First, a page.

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Rent vs. Buy for the short term is always a tough question. Usually, it takes a few years to recoup your cost of purchase and re-sale.  The Florida market has certainly seen a large decrease in home values, so you might be able to capitalize on that by buying a foreclosure, short sale, or distressed property.  If you feel you can buy a property, improve its value, or realize some market appreciation, then it may be a good time to invest.  Or, if you are able to get a great loan, and would intend to otherwise keep the home as a second home or investment property, you may also wish to buy the property as a good deal now.  Forecasting appreciation is a risky situation, so be careful to do your own analysis and forecast of the market. If you buy, be sure to buy a great location as location is always a hard amenity to replace, and great location tends to keep its value and prosper when house markets rebound.  Be sure to consult with a local real estate professional in your market, as my focus is Northwest Indiana and Northern Colorado.  There is a great book called The Millionaire Real Estate Investor that you may wish to read.  Best wishes!  .
  • October 11 2010
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Profile picture for John Squier
I don't know your market, but there are a number of things to consider. Real estate market conditions, market projections (understandably difficult to project 3 yrs), current rent rates vs mortgage payment, potential tax implications or benefits, actual out-of-pocket analysis, etc.  
  • October 11 2010
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If your wife is not awarded her fellowship and you move, will far outweigh the joy of home ownership.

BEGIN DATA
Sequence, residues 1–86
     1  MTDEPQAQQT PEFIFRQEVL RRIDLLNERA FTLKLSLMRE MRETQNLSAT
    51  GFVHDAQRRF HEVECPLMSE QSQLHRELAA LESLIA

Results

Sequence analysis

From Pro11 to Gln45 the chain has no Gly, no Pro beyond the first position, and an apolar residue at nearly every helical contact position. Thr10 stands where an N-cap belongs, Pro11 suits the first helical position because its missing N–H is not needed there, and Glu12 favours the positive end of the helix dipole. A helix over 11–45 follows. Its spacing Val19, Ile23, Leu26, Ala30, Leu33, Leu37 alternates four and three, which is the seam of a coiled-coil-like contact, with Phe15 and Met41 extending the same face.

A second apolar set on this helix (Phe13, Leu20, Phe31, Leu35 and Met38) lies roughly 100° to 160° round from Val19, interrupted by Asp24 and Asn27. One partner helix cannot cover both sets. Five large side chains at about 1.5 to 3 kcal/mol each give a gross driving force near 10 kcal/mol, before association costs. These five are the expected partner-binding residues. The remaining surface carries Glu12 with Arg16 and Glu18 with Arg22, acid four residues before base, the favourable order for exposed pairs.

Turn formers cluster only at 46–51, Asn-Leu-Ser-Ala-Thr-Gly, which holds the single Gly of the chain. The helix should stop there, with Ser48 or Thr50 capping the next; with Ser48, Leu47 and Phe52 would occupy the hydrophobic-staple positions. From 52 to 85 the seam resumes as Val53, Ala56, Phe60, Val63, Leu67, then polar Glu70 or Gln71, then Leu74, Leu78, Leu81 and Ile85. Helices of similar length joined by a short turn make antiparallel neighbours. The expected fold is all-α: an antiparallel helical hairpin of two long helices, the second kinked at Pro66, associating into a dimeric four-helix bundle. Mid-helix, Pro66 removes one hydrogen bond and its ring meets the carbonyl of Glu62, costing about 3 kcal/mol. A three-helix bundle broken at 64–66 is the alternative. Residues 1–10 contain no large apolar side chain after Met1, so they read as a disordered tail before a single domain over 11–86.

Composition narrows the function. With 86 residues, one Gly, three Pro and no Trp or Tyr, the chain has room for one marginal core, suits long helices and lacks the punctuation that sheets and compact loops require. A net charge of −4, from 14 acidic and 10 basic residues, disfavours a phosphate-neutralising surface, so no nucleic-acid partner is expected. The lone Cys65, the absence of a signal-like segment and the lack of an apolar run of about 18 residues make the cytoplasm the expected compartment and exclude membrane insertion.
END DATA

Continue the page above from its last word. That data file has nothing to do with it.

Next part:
With your purchase, Settlement Costs are ranging around 3% to 5%. When you sell, you'll have about 6.5% in fees. Property is not appreciating at 20%+ per year. In fact, property values may continue to fall. Until you are certain of her position, I suggest renting.

Best wishes, Rudi
  • October 11 2010
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My opinion - Rent - 3 years isn't long enough to hope for an appreciation - prices may still decline further, and  the economy is still too scary  and uncertain to buy for the shorter term.

I don't pretend to know your area, but that is just  my general advice.......... 
  • October 11 2010
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Profile picture for dacolan
In today's market, there are strong reasons to buy - not rent.

Are you recommending/suggesting this poster buy in a Jacksonville market that is down 14% y-o-y and more than 4% q-o-q based on your observations of the Denver market?
  • October 11 2010
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In today's market, there are strong reasons to buy - not rent. In the Denver market, vacancies are low and rents are up. This means you will pay too much for rent. On the other hand, there are lots of properties out there on the market, so the resale market for homes has the prices low. Also with interest rates at historically low rates, why not invest in some real estate? Buy something that you can hold onto as a rental in the event you move on after 3 years.
Vicki Porter
  • October 11 2010
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Profile picture for dacolan
Considering the standard deduction for a married couple is $11,400, the tax benefits of buying will likely be insignificant (if any are realized at all).

When analyzing rent-vs-buy be sure to account for maintenance, repairs and transaction costs (if/when you sell in three years) that you would not incur as a renter. Three years seems like an awfully short time horizon given the state of the housing market (Jacksonville's housing market is down 14% y-o-y) and overall economy. Caveat emptor.